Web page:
I fished a stretch of the lower Pigeon with Natch on the last day. I had seen a monster brown there earlier and when we approached the spot Natch insisted I make the same cast. I tossed a variety of lures while he waited patiently. It was getting embarrassing by the time I finally gave up and told him to go for it. That giant fish was probably deep into the undercut bank and never saw a lure. Maybe he heard us in spite of our efforts to be quiet. So.. Maybe next year I will see that fish again. It may have pushed 30 inches.

“Lil” Storm

My youngest daughter Lisa and her husband Brantley were blessed with a daughter eight weeks ago. Lillian is happy, healthy and and beautiful. Her middle name is Storm. Her mom and dad are world travelers and adventurers and Lillian will be right in the middle of it all. Lisa is an outdoor biology teacher turned yoga instructor turned mom, and Brant is a Navy pilot turned dad. The entire family on both sides are so happy and excited. As a first time grandpa I am so proud.


Twenty Four Inchers

So a spin fisherman sees a fly fishermen at a good bend in the river and asks how he is doing. The fly fisherman is excited. “Twenty Four Inchers.”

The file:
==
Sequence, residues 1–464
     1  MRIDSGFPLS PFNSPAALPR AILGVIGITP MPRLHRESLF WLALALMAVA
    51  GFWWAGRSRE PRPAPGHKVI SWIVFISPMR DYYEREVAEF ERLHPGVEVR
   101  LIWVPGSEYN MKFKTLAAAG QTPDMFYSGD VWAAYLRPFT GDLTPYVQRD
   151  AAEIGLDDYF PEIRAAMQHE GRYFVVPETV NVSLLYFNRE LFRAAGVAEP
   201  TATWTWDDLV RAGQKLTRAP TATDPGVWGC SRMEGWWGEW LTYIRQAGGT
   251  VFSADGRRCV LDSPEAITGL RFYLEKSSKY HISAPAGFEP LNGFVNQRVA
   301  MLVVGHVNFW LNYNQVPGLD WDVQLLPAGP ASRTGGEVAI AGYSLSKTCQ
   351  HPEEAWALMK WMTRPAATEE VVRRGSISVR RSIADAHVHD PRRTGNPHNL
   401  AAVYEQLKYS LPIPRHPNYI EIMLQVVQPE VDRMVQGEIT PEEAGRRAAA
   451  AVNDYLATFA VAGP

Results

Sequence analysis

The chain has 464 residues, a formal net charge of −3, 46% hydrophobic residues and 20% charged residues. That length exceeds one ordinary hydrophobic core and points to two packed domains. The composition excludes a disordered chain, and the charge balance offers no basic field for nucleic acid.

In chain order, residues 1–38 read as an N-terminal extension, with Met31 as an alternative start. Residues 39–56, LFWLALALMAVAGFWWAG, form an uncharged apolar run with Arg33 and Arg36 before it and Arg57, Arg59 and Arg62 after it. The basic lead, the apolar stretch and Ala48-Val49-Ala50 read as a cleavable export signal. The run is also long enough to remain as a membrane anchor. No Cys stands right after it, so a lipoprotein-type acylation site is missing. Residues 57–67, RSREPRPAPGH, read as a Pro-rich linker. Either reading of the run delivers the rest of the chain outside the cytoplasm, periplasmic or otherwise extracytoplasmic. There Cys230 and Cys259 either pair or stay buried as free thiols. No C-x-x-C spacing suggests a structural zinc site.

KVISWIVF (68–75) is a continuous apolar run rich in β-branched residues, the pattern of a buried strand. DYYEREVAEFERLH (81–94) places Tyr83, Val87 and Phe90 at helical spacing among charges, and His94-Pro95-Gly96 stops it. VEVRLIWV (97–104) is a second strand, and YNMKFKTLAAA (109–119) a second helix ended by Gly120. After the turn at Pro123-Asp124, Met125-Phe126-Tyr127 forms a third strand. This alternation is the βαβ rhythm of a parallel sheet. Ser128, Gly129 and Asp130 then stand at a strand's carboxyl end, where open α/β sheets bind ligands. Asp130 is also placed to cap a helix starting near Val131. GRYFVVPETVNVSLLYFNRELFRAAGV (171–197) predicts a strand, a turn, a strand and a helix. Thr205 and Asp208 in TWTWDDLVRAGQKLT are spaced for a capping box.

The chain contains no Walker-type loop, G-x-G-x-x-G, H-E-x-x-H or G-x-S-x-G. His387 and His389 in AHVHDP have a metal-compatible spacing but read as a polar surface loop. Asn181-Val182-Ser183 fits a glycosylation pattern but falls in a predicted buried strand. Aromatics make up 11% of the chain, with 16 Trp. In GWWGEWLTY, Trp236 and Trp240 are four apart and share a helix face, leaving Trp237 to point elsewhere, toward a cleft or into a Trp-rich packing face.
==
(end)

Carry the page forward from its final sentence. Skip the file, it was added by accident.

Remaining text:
Spin fisherman: “That’s funny, I caught four twenty inchers.”
– Feral Tweed humor.

I should point out that Feral is an expert fly fisherman also, not just spinning gear.

So Feral and I decided to go trout fishing when no sane trout fisherman bothers. No rain for a week. Low clear river. Around 11:00 in the morning to make sure the trout were deep into cover. Sun was out and bright. We ate a giant breakfast in Tustin with too much coffee. We fished one of the most popular stretches of the Pine River in Lake County. We tried to stack the odds against us but it didn’t work. We caught trout anyway. Feral kept three for dinner. Good pan fryers. I would like to say we really killed it but we didn’t see any lunkers and fishing was spotty. Good casting saved the day – zinging lures into tight cover and really doing the dying minnow action with floating minnows. We had to drop the lures right on their noses to get them to strike.